Blending a sunny vibe with a lot of icy synth tones “Sweet Days” is an upbeat summer banger

Bully Lucky For You (Nashville, TN)

Emotionally raw and cathartic as ever, Bully is in fighting form on their latest record. While the grunge core and straight-shot writing is still here, Alicia Bognanno does a great job at mixing in pop production elements from across eras to give the music more wings. “All I Do” opens things on a blown out and sunburnt longing for those better times that you can never quite seem to get back, with Bognanno’s raspy howl letting the song’s deep pain cut through like a knife. Easily the most single-ready track here, “Days Move Slow” lets its anger burst out in larger-than-life bursts of light on every chorus, with an explosive energy to each guitar line. “Change Your Mind” cuts straight to the point in its constant growling charge, with the bounce of that bass and drums combo kicking out with an intoxicating fury. There’s a dynamic range to “How Will I Know” that stands out from the rest of the record, with the feedback and deep bass dropping you into a fuzzy cave of noise, and giving the uncertainty a real palpable dense feeling in the mix.

The Escape Society – Sweet Days (Single) (Ottawa)

Blending a sunny vibe with a lot of icy synth tones, The Escape Society craft an upbeat summer banger on “Sweet Days.” That back and forth between the guitars creates a great tension and sort of conversational approach within the track, with the different space each makes within the song creating a lot of gripping dynamic shifts to give the song punch. The call to grab the day is invigorating, really just taking every good detail in the moment as something to cheer about. Calling to a bit of Hollerado and Elwins fun, it’s easy to put this track on and just feel a bit better.

Jake ShearsLast Man Dancing (Mesa, AZ)

With or without Scissor Sisters, Jake Shears has kept the party going. A bit of what we expect from Shears and a bit of experimentation, this album gets it right enough to bring us a couple new classics. While it opens much like a synth-wave record by Lazerhawk or Kavinsky, “Too Much Music” sends you racing into a funky opening dance number with Shears screaming their celebration of great music to the heavens, galaxies and beyond. “Voices” brings in Kylie Minogue for a glossy disco track that shimmers within the track’s dark space, and lets the drums really pump you up to match that vintage energy. There’s a more classic Scissor Sisters set of hooks and tone to “Really Big Deal” which sounds delicious in the album’s 80s synth world, and revitalizes that type of sound into something retro in ways you wouldn’t expect. The full electro-dance experience of “Radio Eyes” stands apart on the record, fully bringing you into a club for a surreal vision of EDM, while still dropping in that sublime release to let you lose yourself to the music over and over.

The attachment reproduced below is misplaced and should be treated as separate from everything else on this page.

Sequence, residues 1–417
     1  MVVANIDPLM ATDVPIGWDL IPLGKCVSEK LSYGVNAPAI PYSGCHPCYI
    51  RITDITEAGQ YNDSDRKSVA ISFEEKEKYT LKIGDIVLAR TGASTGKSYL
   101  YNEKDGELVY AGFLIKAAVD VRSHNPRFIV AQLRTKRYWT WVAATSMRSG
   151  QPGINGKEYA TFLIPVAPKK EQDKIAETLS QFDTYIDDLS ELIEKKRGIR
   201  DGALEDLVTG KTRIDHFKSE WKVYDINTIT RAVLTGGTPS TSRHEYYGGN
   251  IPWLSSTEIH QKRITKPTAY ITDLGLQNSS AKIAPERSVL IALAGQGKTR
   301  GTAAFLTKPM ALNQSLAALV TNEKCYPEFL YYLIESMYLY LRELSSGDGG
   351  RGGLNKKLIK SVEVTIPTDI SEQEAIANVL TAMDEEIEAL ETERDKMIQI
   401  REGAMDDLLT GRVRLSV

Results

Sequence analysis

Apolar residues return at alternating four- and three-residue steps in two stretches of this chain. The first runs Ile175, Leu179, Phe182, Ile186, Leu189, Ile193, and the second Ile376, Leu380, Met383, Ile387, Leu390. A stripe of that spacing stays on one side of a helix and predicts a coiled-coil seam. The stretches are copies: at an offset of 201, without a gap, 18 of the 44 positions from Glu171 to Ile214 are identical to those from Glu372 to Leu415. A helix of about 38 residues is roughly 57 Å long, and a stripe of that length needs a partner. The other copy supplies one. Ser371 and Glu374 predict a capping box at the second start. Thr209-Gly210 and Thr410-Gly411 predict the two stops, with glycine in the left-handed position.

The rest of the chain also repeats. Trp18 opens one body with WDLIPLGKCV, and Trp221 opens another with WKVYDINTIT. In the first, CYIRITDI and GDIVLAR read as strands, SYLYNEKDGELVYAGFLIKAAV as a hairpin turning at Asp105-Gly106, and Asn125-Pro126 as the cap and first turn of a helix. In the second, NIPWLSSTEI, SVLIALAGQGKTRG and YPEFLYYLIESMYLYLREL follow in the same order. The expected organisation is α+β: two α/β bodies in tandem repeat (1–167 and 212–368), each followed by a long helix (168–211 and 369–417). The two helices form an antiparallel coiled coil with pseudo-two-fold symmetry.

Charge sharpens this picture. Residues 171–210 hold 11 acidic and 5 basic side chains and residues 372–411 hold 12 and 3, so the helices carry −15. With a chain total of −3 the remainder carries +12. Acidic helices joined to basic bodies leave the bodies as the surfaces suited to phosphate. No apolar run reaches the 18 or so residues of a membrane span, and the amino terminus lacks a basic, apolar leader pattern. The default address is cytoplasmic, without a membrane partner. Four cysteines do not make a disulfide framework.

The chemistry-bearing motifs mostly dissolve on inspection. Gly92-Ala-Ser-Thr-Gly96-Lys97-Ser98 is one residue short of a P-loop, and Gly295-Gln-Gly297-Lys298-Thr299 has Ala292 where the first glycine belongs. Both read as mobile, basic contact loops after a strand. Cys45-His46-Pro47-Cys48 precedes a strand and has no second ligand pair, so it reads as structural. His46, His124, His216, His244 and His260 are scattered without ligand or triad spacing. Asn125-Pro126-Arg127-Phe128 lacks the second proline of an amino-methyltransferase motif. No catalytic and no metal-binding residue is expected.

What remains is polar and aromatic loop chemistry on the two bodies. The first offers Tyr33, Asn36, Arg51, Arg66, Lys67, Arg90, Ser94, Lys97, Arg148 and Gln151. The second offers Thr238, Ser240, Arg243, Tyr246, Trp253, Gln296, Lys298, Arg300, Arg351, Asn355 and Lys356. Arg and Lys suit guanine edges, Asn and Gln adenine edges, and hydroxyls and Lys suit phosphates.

Flock of Seagulls – Remember David (Paragon Cause Remix) (Single) (Ottawa/Liverpool, U.K.)  

Reframing the classic track in their menacing production style, Ottawa’s own Paragon Cause got the chance to do an official remix with A Flock of Seagulls. The icier approach to the song gives the roaring guitars a sharper feeling than before, with the band having a more tense push and pull with the more oppressive production. While there’s still a lot of that great 80s aesthetic at play here, the collaboration does a lot to make the track feel less dated in places. The champion of the track lies in that fire and ice combo, as it matures the song into an almost dystopian feel while keeping its fun pop soul there to draw you back in.

Baxter DuryI Thought I Was Better Than You (Wingrave, U.K.)

Over his last few albums, Baxter Dury has very firmly planted their unique sound in the British music landscape, while never straying too far from a great formula. Though their sound is approaching a bit of repetition on this record, there’s something so powerfully distinct about Dury’s writing style that it’s still a delight nonetheless. The off-kilter beats of “Aylesbury Boy” takes us right into Dury’s usual tumbling approach that somehow feels loose and yet densely layered in great riffs to let his poetry hit the ears right. “Leon” keeps this smooth drive going, with JGrrey, the guitars and strings providing a glorious counterpoint to Dury’s chaotic ramblings. The 60s pop run of “Sincere” is a heavenly little interlude that gets a haunting warp as the song moves on, turning this bright ray into something truly sinister. Seemingly merging his own knack for production with touches of hip hop ideas, “Shadow” has a magical feeling in its bones, between the glowing key notes and the bright harmonies that lock into Dury’s groove even better than some of the more art-pop stuff on the record.